Set in 1830, the tale follows Jamie, the son of a plantation owner and his slave Belle, characters from the Kitchen House, the author’s first book.
Henry, an escaped slave in hiding, helps homeless Jamie when he arrives in Philadelphia.
Confusion, truth and lies are at the heart of Jamie’s existence as he passes for white. The road he takes brings him to wealth and prestige but he is uncomfortable with the role he plays in society.
Jamie is compelled to assist Henry in finding his son Pan who has disappeared. They fear Pan is kidnapped and sold into slavery. At the same time Jamie is torn because if he goes south someone may recognize him as an escaped slave. His fears are warranted. Thus begins an escape from North Carolina through the Great Dismal Swamp. The bravery of the Underground Railroad conductors, both black and white are brought to life in the escape.
Especially compelling is Sukey, another slave from the Kitchen House, who tells her story about being sold over and again with resignation, sadness and strength. In the end, she takes control over the helplessness of the life she leads.
It is interesting to think about what attitudes have changed or have not changed in our country during the last 200 years.
If you enjoyed the Kitchen House you are bound to enjoy this story as well.
The Charm Bracelet written by Viola Shipman will jangle your interest right away! If you are a fan of authors Debbie Macomber, Susan Mallery or local author Lori Nelson Spielman you may enjoy this work by a Michigan-based author.
Charming and sweet, the book is not only a story of 3 women but it is a message that no matter how old, your dreams should not be neglected.
The story begins in Chicago with mother Arden and daughter Lauren who for various reasons are not living their lives the way they wish. Both of them have put their dreams on hold.
Grandmother Lolly, who is very independent in her 70’s and lives in an adorable old cabin on an inland lake in a small town near Lake Michigan, hints to them that she would like them to visit. They go, intrigued and somewhat concerned because it is unlike her to ask.
There she enlightens her daughter and granddaughter on the meaning of the charms in her bracelet by passing down stories from her own time growing up on the lake. These lessons are sweet and lead to the women reflecting on their own lives.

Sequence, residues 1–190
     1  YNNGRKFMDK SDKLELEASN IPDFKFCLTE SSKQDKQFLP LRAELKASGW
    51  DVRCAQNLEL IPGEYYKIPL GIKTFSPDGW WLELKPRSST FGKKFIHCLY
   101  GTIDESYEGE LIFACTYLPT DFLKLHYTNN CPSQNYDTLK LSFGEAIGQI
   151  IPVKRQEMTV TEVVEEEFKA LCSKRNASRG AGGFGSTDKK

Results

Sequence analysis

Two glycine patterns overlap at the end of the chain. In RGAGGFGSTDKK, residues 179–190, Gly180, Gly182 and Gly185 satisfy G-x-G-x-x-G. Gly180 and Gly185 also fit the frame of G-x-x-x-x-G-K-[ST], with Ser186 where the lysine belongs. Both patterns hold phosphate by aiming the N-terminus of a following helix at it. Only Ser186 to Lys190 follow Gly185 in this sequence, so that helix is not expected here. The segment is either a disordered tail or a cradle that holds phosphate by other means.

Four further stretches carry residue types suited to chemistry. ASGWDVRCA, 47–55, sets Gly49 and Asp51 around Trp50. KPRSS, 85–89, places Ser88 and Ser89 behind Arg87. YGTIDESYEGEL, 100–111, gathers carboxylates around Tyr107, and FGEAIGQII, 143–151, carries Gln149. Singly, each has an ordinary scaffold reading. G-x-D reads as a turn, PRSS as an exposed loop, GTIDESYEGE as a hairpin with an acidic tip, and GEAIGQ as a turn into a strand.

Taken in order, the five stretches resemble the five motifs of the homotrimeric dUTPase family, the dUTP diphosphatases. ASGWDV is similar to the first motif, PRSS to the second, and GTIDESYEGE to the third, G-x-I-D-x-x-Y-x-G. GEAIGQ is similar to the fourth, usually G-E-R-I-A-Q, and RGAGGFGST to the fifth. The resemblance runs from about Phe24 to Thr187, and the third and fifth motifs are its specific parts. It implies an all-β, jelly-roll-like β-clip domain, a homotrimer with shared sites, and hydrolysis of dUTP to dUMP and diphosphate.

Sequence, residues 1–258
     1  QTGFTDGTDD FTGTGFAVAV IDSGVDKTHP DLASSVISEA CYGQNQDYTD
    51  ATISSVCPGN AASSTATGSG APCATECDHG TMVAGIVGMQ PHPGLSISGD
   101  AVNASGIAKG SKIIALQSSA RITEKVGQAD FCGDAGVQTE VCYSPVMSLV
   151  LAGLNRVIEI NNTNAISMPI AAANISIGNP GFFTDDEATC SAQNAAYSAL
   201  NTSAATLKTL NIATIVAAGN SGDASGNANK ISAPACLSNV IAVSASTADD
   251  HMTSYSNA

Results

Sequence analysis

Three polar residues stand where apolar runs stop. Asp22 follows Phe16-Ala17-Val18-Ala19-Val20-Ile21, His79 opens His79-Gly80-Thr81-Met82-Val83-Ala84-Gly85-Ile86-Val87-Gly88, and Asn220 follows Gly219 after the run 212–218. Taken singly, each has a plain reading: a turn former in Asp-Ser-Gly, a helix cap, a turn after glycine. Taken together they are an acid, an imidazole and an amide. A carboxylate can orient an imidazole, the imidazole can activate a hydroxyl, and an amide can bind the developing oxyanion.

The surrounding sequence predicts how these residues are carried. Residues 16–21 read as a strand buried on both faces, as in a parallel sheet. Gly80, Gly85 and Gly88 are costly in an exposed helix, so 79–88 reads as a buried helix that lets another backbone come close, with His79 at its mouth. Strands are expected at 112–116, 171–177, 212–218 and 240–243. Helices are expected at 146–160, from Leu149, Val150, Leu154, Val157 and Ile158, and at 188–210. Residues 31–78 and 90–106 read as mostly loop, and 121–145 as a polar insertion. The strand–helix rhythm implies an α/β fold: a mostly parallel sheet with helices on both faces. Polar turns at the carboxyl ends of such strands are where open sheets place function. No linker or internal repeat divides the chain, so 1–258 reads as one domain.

After a long winter, the setting of early summer Michigan is pleasant to read. The tale flows smoothly and gently like soft tears. Don’t be surprised if you find a few of your own while reading this story.
In the end, this book is about challenging your fears, discovering your passions and finding the strength to follow your dreams. I think you may enjoy it.
What happens to a family when the major breadwinner has a melt down? In A Window Opens by Elisabeth Egan, Alice Pearse’s husband becomes so angry when he learns he will not make partner at his law firm that he throws a laptop across the room. When he decides to open his own law practice, Alice needs to go to work full time. Her new job is at a company that hopes to revolutionize bookstores across the country. Although she is reasonably competent, she has not fully embraced advancing technology. Scroll is a company that will only stock ebooks which mildly dismays Alice. She struggles to keep up with younger colleagues, trying to understand why they wouldn’t love the solid feel of a physical book. She is exhausted by trying to combine a parent’s duties with working in an environment that is so challenging. When an even greater change is planned at Scroll, Alice needs to decide what her future will be. This novel is exhausting to read as it follows how difficult life is for Alice. In ways it may be a mother’s worst nightmare.
Join us Tuesday, March 31st for Book and Brew! This brand new book club will meet at Reno’s North every other month, on the last Tuesday evening of the month, to celebrate and discuss the finer things…books and brews! The first month will be a meet and greet to discuss format, reading interests, and to choose the first four book selections.
Reno’s North (located at 16460 Old US 27 Lansing, MI) is a family friendly restaurant and sports bar with an impressive 40+ brews on tap. Their full menu includes some of Michigan’s finest beers and a selection of entrees crafted with Michigan made ingredients! While many may purchase a brew or two, it is certainly not required!
Registration is not required, but recommended for this first meet-up so we can be sure to have enough seats at the table.